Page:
Jerusalem in My Heart - Daqa'iq Tudaiq - Albums - Reviews - Soundblab

Jerusalem in My Heart - Daqa'iq Tudaiq

by Joseph Majsterski Rating:8 Release Date:2018-10-05
Jerusalem in My Heart - Daqa'iq Tudaiq
Jerusalem in My Heart - Daqa'iq Tudaiq

Three years after his brilliant sophomore set, If He Dies, If If If If If If, Lebanese Canadian Radwan Ghazi Moumneh has returned with his latest set under the Jerusalem In My Heart moniker, entitled Daqa'iq Tudaiq. As with his previous set, he sinks deeply and luxuriously into the sounds of Arabia. This is absolutely a great set to pick up if you're curious about the music of that part of the world, as it manages to be an homage to sounds of the old world while adding in a few odd flourishes here and there to stay unpredictable and fresh.

The first four tracks are part of a longer suite, 'Wa Ta'atalat Loughat Al Kalam' ("The Language of Speech Has Broke Down"), which is a modern recreation of 'Ya Garat Al Wadi' ("Oh Neighbour of the Valley") by Egyptian composer Mohammed Abdel Wahab, performed by a fifteen-piece orchestra composed of instruments including the riq (a kind of tambourine), santur (a hammered dulcimer), derbakeh (a hand drum), and kanun (a stringed instrument vaguely similar to a harp lying on its side on a board). The first two parts are very similar, and very traditional in composition and instrumentation. These are the classic sounds of the desert, true to the original style; you can practically feel the dry heat radiating off them. Moumneh works his voice like a master, drawing it out into moaning swaths of sound like a tailor sewing sails for a long journey. There's a mysterious, magnetic quality to the music as it pulls you into its world, like a belly dancer seducing you with her many veils.

The third track essentially deconstructs the music of the first two, like a slow-motion explosion in deep space. All the pieces float away, and a bleary, tripped-out synth line warps the human instruments. The contrast could not be stronger, as the effects almost make it sound like you're underwater, a far from from the dessicated wanderings that come before. The fourth track in the suite is clearly intended as a brief reprise, as it brings back the vocals and "normal" sounds of the first two sections, but keeps some of the glittering distortion of the third.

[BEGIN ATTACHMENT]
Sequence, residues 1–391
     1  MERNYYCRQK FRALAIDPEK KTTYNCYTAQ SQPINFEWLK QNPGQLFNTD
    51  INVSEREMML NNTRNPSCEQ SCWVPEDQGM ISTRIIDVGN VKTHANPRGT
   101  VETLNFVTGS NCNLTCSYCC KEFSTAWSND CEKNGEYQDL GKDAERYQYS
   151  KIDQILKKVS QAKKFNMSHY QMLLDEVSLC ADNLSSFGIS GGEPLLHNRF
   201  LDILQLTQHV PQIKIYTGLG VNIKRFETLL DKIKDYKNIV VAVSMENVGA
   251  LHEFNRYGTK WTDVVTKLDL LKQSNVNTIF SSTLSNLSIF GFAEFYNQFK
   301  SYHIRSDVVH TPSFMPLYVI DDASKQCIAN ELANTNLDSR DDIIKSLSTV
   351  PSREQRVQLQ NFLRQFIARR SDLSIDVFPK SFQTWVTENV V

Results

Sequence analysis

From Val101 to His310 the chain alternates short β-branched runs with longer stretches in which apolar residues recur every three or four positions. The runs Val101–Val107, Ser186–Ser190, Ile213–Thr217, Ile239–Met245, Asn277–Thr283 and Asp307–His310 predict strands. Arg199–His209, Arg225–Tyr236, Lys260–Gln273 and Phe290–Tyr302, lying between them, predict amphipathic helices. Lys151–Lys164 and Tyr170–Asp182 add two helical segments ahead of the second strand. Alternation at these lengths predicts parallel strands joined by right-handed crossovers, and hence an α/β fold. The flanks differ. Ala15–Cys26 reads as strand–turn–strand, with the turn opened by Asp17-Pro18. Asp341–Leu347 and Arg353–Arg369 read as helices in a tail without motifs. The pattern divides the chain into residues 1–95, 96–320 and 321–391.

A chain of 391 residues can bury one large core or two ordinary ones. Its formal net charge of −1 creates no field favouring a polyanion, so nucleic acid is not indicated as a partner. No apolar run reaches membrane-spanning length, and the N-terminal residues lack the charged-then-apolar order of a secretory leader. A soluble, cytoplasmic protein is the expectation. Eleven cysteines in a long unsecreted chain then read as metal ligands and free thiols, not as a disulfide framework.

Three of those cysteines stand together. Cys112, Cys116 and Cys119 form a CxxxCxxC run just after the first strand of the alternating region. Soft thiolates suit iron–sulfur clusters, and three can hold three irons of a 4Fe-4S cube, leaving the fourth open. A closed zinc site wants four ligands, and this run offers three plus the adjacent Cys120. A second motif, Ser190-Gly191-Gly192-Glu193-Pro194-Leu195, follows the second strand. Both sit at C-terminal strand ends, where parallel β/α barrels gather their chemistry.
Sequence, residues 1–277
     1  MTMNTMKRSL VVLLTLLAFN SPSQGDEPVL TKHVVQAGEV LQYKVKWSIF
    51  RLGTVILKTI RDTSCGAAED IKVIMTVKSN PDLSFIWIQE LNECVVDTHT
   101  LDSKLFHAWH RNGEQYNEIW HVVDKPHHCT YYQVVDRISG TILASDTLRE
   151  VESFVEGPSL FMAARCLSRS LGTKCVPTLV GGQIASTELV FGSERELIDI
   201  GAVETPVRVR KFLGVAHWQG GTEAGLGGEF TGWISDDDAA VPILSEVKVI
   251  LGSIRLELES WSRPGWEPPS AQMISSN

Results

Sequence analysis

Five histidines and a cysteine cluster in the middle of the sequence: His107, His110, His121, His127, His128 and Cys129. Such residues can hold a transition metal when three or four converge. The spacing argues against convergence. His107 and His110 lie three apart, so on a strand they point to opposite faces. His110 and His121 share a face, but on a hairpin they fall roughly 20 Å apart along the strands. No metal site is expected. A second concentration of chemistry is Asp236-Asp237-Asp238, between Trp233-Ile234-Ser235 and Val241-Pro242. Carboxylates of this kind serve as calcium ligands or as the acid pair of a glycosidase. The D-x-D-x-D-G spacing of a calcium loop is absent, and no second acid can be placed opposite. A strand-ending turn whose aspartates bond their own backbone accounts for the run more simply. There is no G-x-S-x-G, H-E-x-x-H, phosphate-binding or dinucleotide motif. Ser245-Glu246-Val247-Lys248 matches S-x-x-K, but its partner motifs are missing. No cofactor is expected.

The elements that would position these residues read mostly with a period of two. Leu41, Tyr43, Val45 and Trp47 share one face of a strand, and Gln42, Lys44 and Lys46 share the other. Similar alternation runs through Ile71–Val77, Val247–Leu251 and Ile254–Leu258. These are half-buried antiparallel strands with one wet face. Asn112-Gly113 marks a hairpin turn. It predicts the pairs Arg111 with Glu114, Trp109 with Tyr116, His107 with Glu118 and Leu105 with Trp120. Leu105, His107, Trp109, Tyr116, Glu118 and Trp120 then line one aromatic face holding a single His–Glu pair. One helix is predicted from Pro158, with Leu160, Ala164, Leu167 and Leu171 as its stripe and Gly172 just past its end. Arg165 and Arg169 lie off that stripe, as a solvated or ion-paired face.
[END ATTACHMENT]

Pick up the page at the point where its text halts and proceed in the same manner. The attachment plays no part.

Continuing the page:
'Bein Ithnein' ("Between Two") goes all instrumental and smooths out the melody, which is muted down to more of a background effect, focusing on percussion and crafting a meditative groove. It is fairly repetitive, but slowly morphs itself enough to keep things interesting. 'Thahab, Mish Roujou', Thahab' ("The Act of Departing, Not Returning, Departing") switches back to a vocal-centric approach, but the voice is bizarrely modulated with freaky, skittering and popping synthetics mashed into it. The overall effect is both disturbing and hypnotic.

'Layali Al-Rast' returns to a straightforward style, with a jangling, complex melody and simple beats taking the listener on a frantic tour through a vast, ancient city. The final track is perhaps the only significant misstep on the set. Moumneh's vocals and the instrument (I think a buzuk here) don't quite match up; the latter feels decidedly off-key. Luckily, that last song is only two minutes long, but it is a bit of a head scratcher as a closer.

I swear, when I listen to these songs, I can see the sun blazing down on my head. They are powerfully tied to a particular place on the planet and evoke it perfectly. Despite the fact that there's basically nothing else I listen to that anything like this album, or any of Moumneh's work, I find his music a true delight.

Comments (1)

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Great review! Got the debut album years back, the catchy Mo7it Al-Mo7it so am definitely intrigued. For something similar (or at least within a similar ballpark) try Sun City Girls or Master Musicians of Bukkake

Comment was last edited about 4 years ago by Andy Brown Andy Brown
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